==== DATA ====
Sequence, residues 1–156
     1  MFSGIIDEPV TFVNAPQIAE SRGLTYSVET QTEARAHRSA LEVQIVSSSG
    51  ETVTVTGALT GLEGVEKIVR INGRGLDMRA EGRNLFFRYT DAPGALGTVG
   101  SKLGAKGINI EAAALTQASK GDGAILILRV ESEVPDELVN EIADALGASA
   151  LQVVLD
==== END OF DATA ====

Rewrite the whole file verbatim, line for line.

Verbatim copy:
Sequence, residues 1–156
     1  MFSGIIDEPV TFVNAPQIAE SRGLTYSVET QTEARAHRSA LEVQIVSSSG
    51  ETVTVTGALT GLEGVEKIVR INGRGLDMRA EGRNLFFRYT DAPGALGTVG
   101  SKLGAKGINI EAAALTQASK GDGAILILRV ESEVPDELVN EIADALGASA
   151  LQVVLD